(b) Enhanced Training Requirement.—The Secretary of each military department, and the Secretary of Homeland Security with respect to the Coast Guard when it is not operating as a service in the Department of the Navy, shall implement, consistent with the guidelines provided under section 1044e of title 10, United States Code, as added by subsection (a), in-depth and advanced training for all military and civilian attorneys providing legal assistance under section 1044 or 1044e of such to support victims of alleged sex-related offenses.

(c) Secretary of Defense implementation report.—

(1) REPORT REQUIRED.—Not later than 90 days after the date of the enactment of this Act, the Secretary of Defense, in coordination with the Secretary of Homeland Security with respect to the Coast Guard, shall submit to the Committees on Armed Services and Commerce, Science, and Transportation of the Senate and the Committees on Armed Services and Transportation and Infrastructure of the House of Representatives a report describing how the Armed Forces will implement the requirements of section 1044e of title 10, United States Code, as added by subsection (a).

(2) ADDITIONAL SUBMISSION REQUIREMENT.—The report required by paragraph (1) shall also be submitted to the independent review panel established by the Secretary of Defense under section 576(a)(1) of the National Defense Authorization Act for Fiscal Year 2013 (Public Law 112–239; 126 Stat. 1758) and to the Joint Services Committee on Military Justice.

(c) Additional duties for independent panels.—

(1) RESPONSE SYSTEMS PANEL.—The independent panel established by the Secretary of Defense under subsection (a)(1) of section 576 of the National Defense Authorization Act for Fiscal Year 2013 (Public Law 112–239; 126 Stat. 1758) shall conduct an assessment regarding whether the roles, responsibilities, and authorities of Victims’ Counsel to provide legal assistance under section 1044e of title 10, United States Code, as added by subsection (a), to victims of alleged sex-related offenses should be expanded to include legal standing to represent the victim during investigative and military justice proceedings in connection with the prosecution of the offense. The panel shall include the results of the assessment in the report required by subsection (c)(1) of such section.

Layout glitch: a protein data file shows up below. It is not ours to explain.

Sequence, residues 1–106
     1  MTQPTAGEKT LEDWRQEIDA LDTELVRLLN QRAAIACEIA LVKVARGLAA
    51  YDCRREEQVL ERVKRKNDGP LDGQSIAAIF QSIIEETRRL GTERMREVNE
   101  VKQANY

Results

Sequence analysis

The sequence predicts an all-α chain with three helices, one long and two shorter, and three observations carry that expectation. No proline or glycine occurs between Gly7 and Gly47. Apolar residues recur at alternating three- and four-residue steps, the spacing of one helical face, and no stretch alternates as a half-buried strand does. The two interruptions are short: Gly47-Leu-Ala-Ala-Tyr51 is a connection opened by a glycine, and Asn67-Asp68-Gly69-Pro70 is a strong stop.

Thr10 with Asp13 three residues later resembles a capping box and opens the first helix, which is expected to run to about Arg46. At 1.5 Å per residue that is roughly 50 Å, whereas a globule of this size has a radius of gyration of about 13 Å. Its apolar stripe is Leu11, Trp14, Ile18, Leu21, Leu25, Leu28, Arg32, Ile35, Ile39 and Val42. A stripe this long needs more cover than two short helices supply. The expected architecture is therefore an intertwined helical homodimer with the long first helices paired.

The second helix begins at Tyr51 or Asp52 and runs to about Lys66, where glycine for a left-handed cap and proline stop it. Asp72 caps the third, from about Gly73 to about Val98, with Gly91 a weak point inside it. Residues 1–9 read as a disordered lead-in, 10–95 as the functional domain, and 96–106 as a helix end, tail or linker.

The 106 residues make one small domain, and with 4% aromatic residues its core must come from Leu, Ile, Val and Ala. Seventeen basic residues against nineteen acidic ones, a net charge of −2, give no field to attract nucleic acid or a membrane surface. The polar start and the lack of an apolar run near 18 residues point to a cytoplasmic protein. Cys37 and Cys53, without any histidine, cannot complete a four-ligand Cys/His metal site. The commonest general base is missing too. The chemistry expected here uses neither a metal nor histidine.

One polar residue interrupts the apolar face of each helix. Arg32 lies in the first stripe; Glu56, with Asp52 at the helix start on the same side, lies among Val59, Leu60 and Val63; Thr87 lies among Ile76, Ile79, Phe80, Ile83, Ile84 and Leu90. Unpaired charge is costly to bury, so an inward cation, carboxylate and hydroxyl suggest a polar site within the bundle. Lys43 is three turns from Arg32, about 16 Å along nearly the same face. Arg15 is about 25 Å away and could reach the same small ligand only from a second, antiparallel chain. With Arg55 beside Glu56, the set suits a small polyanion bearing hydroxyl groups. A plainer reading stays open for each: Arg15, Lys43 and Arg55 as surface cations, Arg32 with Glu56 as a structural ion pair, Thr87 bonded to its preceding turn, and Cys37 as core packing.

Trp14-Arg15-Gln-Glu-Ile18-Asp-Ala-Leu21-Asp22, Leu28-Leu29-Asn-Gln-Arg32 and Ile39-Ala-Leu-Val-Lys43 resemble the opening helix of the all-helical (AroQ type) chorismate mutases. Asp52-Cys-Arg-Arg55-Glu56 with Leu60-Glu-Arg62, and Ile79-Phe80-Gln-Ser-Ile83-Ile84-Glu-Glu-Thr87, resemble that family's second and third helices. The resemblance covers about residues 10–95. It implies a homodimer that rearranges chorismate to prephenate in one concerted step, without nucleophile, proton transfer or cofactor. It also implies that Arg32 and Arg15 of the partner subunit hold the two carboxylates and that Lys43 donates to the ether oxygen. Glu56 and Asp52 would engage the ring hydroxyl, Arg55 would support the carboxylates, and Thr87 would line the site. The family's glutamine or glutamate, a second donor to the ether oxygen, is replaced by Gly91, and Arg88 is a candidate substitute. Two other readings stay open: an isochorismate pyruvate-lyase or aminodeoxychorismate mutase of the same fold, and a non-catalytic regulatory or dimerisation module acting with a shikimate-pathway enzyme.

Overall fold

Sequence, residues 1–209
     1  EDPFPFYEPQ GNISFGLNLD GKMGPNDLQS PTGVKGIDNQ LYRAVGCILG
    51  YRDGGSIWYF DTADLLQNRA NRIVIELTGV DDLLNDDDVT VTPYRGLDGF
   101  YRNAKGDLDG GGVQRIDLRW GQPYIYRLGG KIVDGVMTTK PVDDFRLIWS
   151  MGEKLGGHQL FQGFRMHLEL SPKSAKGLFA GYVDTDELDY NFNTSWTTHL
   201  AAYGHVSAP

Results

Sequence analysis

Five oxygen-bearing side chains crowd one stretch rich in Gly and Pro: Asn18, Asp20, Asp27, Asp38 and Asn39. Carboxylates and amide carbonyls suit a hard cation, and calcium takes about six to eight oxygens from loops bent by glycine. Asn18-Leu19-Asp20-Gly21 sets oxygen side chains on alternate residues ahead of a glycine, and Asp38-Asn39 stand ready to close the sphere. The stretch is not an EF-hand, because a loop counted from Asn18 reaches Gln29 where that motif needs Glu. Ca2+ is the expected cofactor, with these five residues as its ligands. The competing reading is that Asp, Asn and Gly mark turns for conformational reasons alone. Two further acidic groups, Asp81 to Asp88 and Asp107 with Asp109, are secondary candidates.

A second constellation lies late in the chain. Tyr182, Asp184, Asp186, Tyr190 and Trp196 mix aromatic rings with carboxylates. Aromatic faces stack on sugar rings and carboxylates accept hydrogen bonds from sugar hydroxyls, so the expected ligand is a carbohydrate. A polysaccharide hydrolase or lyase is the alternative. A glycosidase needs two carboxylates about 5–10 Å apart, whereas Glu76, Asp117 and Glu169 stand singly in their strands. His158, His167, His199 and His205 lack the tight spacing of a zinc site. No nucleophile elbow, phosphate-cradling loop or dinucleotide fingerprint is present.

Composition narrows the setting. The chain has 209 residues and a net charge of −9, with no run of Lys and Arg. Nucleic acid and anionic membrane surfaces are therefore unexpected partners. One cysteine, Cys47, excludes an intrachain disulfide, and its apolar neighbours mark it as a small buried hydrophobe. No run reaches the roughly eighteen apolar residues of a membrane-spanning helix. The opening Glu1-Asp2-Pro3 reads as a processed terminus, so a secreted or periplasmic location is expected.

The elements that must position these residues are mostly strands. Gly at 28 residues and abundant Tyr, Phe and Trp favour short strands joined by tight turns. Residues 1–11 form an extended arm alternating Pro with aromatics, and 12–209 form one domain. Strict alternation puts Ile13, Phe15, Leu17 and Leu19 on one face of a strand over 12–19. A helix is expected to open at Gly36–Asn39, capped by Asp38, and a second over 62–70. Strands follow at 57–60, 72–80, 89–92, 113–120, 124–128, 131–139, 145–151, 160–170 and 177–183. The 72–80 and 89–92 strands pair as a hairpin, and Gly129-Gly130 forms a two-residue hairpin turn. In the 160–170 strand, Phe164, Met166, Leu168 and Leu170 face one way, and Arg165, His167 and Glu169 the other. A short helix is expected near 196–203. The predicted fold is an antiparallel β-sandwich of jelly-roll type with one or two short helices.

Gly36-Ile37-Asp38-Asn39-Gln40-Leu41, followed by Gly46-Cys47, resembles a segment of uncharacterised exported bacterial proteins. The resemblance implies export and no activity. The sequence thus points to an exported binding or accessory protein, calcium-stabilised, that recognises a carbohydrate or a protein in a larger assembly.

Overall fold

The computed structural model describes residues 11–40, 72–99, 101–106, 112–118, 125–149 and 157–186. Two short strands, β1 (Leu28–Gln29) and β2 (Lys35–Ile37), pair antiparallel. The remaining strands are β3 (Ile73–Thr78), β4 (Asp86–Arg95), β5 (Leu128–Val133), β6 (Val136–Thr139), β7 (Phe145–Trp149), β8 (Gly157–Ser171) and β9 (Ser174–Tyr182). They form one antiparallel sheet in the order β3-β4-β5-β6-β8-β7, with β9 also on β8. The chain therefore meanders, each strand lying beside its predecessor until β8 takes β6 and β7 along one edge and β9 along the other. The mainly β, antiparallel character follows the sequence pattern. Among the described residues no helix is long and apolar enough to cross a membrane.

(2) JUDICIAL PROCEEDINGS PANEL.—The independent panel established by the Secretary of Defense under subsection (a)(2) of section 576 of the National Defense Authorization Act for Fiscal Year 2013 (Public Law 112–239; 126 Stat. 1758) shall conduct an assessment of the implementation and effect of section 1044e of title 10, United States Code, as added by subsection (a), and make such recommendations for modification of such section 1044e as the panel considers appropriate. The panel shall include the results of the assessment and its recommendations in one of the reports required by subsection (c)(2)(B) of such section 576.

SEC. 537. Inspector General investigation of allegations of retaliatory personnel actions taken in response to making protected communications regarding sexual assault.

Section 1034(c)(2)(A) of title 10, United States Code, is amended by striking “sexual harassment or” and inserting “rape, sexual assault, or other sexual misconduct in violation of sections 920 through 920c of this title (articles 120 through 120c of the Uniform Code of Military Justice), sexual harassment, or”.

SEC. 538. Secretary of Defense report on role of commanders in military justice process.

Not later than 90 days after the date of the enactment of this Act, the Secretary of Defense shall submit to the Committees on Armed Services of the Senate and the House of Representatives a report containing—

(1) an assessment of the current role and authorities of commanders in the administration of military justice and the investigation, prosecution, and adjudication of offenses under the Uniform Code of Military Justice; and

(2) a recommendation by the Secretary of Defense regarding whether the role and authorities of commanders should be further modified or repealed.

SEC. 539. Review and policy regarding Department of Defense investigative practices in response to allegations of sex-related offenses.

(a) Review.—Not later than 180 days after the date of the enactment of this Act, the Secretary of Defense shall conduct a review of the practices of the military criminal investigative organizations (Army Criminal Investigation Command, Naval Criminal Investigative Service, and Air Force Office of Special Investigation) regarding the investigation of alleged sex-related offenses involving members of the Armed Forces, including the extent to which the military criminal investigative organizations make a recommendation regarding whether an allegation of a sex-related offense appears founded or unfounded.